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Very interesting. Several people at my workplace currently have COVID. Only one has been prescribed an anti-viral - a healthy, vaccinated person who is in his early 20s. Sounds like there is still a lot that is being figured out.

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A good post, and call to action for prescribers and patients - especially for older individuals to take Paxlovid early and not wait to see "if things get worse." Too late by that time.

I continue to hold on to the intuitive hope that antivirals will reduce the risk of long Covid and other subclinical damage we are seeing, even with mild Covid. Reducing viral load by up to 90% with Paxlovid just has to have benefits beyond hospitalization and death. Some evidence of this is emerging from studies showing that sick patients' viral load/nucleocapsid antigen levels correlate directly with prognosis in severe disease.

Possible neurological damage like cognitive decline, increased cardiovascular risk for month/years after infection, and even a consistent finding of lung parenchymal damage in children (even with mild disease) all keep me up at night!

Intuitively, a 90% reduction in viral load has to reduce the systemic collateral damage, wouldn't we think?

Imagine what a fruit cake looks like with 90% less troublesome dried fruit, for goodness sake. I've been hanging on to this notion since Paxlovid first rolled out (https://mccormickmd.substack.com/p/what-is-your-paxlovid-plan), but I know it's not evidence-based yet. Thanks for at least including a final sentence about the possibility.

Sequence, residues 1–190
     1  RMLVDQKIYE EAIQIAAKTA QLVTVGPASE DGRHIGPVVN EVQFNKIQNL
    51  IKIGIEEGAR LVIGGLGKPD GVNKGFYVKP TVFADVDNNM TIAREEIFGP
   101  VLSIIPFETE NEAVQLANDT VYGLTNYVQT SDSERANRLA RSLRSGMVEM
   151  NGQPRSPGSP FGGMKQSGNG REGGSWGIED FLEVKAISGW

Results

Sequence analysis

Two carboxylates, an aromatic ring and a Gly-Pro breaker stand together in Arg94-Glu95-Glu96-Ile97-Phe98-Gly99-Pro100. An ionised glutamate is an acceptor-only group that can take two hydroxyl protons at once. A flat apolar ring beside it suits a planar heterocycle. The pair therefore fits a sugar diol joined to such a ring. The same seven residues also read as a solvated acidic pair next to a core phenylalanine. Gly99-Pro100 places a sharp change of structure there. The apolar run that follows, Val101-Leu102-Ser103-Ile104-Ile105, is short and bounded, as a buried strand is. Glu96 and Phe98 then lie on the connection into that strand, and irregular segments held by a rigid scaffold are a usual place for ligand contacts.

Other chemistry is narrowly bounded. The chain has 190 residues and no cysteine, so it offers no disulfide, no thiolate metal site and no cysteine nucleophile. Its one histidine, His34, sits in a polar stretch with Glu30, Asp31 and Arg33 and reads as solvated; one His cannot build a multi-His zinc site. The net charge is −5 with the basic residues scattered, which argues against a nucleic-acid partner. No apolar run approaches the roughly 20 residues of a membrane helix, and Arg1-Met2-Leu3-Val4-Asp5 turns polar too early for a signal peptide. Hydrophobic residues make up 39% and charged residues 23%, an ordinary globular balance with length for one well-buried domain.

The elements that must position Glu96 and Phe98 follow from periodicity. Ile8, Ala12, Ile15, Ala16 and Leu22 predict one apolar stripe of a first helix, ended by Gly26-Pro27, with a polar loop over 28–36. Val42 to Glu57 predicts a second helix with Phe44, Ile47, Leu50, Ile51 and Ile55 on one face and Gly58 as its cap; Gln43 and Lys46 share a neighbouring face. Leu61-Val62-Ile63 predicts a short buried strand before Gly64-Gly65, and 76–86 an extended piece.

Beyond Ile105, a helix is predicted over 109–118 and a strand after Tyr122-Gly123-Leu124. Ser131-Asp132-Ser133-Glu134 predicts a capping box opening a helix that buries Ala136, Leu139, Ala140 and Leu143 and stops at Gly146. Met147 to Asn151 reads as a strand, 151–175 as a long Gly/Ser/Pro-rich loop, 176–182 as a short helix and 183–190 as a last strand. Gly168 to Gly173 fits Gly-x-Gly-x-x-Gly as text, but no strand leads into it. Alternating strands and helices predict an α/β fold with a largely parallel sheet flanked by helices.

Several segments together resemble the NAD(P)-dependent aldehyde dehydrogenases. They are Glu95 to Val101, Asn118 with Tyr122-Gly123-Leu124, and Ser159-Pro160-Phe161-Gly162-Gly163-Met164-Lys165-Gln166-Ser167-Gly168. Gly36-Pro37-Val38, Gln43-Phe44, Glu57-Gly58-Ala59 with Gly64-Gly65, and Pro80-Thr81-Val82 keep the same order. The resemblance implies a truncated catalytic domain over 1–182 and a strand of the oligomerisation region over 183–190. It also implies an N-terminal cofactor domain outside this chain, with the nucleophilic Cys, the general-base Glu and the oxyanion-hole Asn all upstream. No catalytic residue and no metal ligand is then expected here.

Fingers crossed, and prescribing Paxlovid freely here.

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Re: the study that found that only 10% of people who rebounded without Paxlovid had symptoms, what does it mean to rebound without symptoms? To be infectious but feel fine? If so, it seems this could lead to a lot of covid spread.

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My husband-61, with epilepsy was denied paxlovid because of a contraindication with a seizure medication. (They said it magnified the effect of the seizure Med, and it wasn’t worth trying to decrease the dose and risking the seizure since he was otherwise low risk. My FIL was also not given Paxlovid due to poor kidney function. (Was given monoclonal antibodies instead since he is an octogenarian with multiple risk factors.)